The year was 1972. Then Motorola R&D Chief Martin Cooper told designer Rudy Krolopp that they had to have a portable cell phone prototype in six weeks. Rudy’s response?
“What the hell’s a portable cell phone?”
Ten years and $100 million dollars later, they launched their phone, the $3,995 DynaTac 8000x, affectionately dubbed “the brick.” If only the wealthy could afford it, and calls were a dollar a minute (staggeringly steep in 1983), some critics said it was too expensive to buy, too expensive to use, and the range wasn’t what they would have liked.
So what exactly, was the point?
25 years later, cellular phones would be nearly ubiquitous worldwide, with millions of consumers ditching their traditional home landline phones for their cells (me included).
Fast forward to September 16, 2008: GM unveiled the world’s first extended-range electric vehicle, the Volt, to a curious and sometimes puzzled press corp. Some reporters noted that it likely would be expensive to buy and the electric-only range wasn’t what they would have liked.
I wasn’t surprised when people questioned the yet-to-be-announced but oft-speculated $40K price tag. After all, $40K is well above the median price for a new car in this country, and the Volt is a compact, four-passenger car. Even with the $7,500 dollar tax credit, it’s a lot of money for a compact, but not unheard of for tremendous performance (e.g. BMW 135i, Audi A3 3.2).
But I was surprised to see some folks miss the point by citing the Chevy Cruze as being the far more significant car to roll out in 2010. Their argument is that it will be affordable to mostly everyone (relative to the Volt), and therefore it will save more fuel overall as more people are able to buy it (#/units sold x mpg increase = total fuel saved).
Don’t get me wrong, I think the Cruze will be great, and I’ve posted earlier on the virtues of turbocharging everything on this site. The Cruze will be marginally bigger than a the Cobalt, but its 1.4 liter gas turbo will push fuel efficiency into extremely competitive territory; interestingly the Cruze and Volt will share a common body structure, known in GM circles as Delta II. But is the Cruze really more significant than the Volt?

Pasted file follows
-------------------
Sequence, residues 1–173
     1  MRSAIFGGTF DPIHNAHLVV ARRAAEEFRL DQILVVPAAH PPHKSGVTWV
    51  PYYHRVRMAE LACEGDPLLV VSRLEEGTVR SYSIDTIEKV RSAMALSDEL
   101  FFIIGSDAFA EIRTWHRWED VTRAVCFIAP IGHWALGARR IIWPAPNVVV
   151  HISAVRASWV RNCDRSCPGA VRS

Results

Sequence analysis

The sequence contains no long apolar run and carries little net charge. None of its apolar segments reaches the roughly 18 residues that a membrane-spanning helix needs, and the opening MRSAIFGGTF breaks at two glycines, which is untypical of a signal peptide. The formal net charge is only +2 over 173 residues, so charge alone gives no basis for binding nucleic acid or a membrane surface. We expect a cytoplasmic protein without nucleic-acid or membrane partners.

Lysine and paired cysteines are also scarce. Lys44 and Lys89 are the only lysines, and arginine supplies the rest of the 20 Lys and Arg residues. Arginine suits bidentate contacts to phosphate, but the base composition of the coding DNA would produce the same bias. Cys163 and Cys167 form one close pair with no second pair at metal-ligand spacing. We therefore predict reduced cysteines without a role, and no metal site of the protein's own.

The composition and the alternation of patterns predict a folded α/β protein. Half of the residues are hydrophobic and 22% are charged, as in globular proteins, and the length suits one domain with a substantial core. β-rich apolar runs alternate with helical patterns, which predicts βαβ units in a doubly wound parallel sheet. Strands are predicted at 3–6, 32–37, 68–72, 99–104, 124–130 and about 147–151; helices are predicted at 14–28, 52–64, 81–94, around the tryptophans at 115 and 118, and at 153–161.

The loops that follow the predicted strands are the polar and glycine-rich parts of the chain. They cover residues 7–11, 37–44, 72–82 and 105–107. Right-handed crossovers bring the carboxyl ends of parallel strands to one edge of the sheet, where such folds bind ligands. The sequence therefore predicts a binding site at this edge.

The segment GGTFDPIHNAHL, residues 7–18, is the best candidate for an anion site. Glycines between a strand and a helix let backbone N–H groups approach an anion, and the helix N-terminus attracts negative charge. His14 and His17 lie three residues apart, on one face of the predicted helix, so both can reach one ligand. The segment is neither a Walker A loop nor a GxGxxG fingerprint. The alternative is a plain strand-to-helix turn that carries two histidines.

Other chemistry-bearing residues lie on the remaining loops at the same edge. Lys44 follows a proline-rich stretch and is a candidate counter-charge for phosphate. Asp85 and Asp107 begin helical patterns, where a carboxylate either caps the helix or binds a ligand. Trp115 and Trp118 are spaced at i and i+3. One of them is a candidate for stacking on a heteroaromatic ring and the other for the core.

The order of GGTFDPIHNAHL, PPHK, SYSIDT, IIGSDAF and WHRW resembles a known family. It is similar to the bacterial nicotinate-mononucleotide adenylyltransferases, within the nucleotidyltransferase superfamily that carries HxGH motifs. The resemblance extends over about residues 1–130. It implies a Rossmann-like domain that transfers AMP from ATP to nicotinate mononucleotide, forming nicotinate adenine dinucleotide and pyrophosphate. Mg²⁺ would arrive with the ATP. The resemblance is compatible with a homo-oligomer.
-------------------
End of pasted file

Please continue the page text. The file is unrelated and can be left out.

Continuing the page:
If the future of the auto industry ended in December 2010, this view would stand to reason. But the difference in interpretation of the significance between the view of some and GM is the long-term implications of the Volt, and its ability to begin to write a new chapter in the annals of energy and personal transportation. GM’s Frank Weber and Larry Burns made a very compelling case, and if you missed it, here it is in a nutshell:
· GM extensively studied the range issue, and found that the forty-mile range from the battery is the sweet spot for most U.S. consumers. Roughly 80 percent of drivers could commute without using a drop of gasoline;
· In the next iteration of the Volt, the electric-only range would still be forty miles, the aim will be to reduce size, mass and cost from the battery pack (keep Motorola’s “brick” in mind), which will bring down the cost of the car;
· For the next iteration, and subsequent extended-range electric vehicles, stir and repeat.
I thought they made this pretty clear. Thoughtful people ought to agree that the implications for weaning ourselves off oil for personal transportation are staggering . . . no, not by 2010, but neither will it take fifty years (keeping in the mind the adoption/development curve of the cell phone).
As I wrote after watching the unveiling of the production Volt, I think the Volt will be remembered in coming years as much for what it will represent—the all-too-rare game-changer ushering in the electrification of the automobile and the overcoming of our complete reliance on diminishing oil reserves for personal transportation. GM is one of our clients, but I still really believe this.
As Burns pointed out, by 2030, two-thirds of the world’s population will live in cities where vehicle speeds average 12-13 miles per hour. Using the tech represented in the Volt, close to none of these would need gas or diesel to drive around town. No gas. No diesel. No idling. Think about it.
Agree? Disagree? I'd love to hear what people think about this.